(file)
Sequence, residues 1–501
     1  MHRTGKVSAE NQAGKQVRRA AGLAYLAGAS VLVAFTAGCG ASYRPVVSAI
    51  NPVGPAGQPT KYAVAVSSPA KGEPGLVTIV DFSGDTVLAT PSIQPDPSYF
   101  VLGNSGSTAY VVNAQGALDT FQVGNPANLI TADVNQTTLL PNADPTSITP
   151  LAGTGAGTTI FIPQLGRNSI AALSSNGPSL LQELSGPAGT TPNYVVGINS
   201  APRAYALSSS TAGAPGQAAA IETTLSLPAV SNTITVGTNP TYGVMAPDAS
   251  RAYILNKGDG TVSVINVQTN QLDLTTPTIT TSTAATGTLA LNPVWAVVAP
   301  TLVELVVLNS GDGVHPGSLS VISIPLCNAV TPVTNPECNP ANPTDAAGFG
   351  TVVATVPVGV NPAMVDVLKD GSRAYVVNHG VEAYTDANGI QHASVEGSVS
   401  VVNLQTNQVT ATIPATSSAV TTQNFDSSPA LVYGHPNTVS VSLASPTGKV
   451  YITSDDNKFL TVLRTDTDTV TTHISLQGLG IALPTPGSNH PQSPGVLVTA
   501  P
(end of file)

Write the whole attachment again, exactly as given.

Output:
Sequence, residues 1–501
     1  MHRTGKVSAE NQAGKQVRRA AGLAYLAGAS VLVAFTAGCG ASYRPVVSAI
    51  NPVGPAGQPT KYAVAVSSPA KGEPGLVTIV DFSGDTVLAT PSIQPDPSYF
   101  VLGNSGSTAY VVNAQGALDT FQVGNPANLI TADVNQTTLL PNADPTSITP
   151  LAGTGAGTTI FIPQLGRNSI AALSSNGPSL LQELSGPAGT TPNYVVGINS
   201  APRAYALSSS TAGAPGQAAA IETTLSLPAV SNTITVGTNP TYGVMAPDAS
   251  RAYILNKGDG TVSVINVQTN QLDLTTPTIT TSTAATGTLA LNPVWAVVAP
   301  TLVELVVLNS GDGVHPGSLS VISIPLCNAV TPVTNPECNP ANPTDAAGFG
   351  TVVATVPVGV NPAMVDVLKD GSRAYVVNHG VEAYTDANGI QHASVEGSVS
   401  VVNLQTNQVT ATIPATSSAV TTQNFDSSPA LVYGHPNTVS VSLASPTGKV
   451  YITSDDNKFL TVLRTDTDTV TTHISLQGLG IALPTPGSNH PQSPGVLVTA
   501  P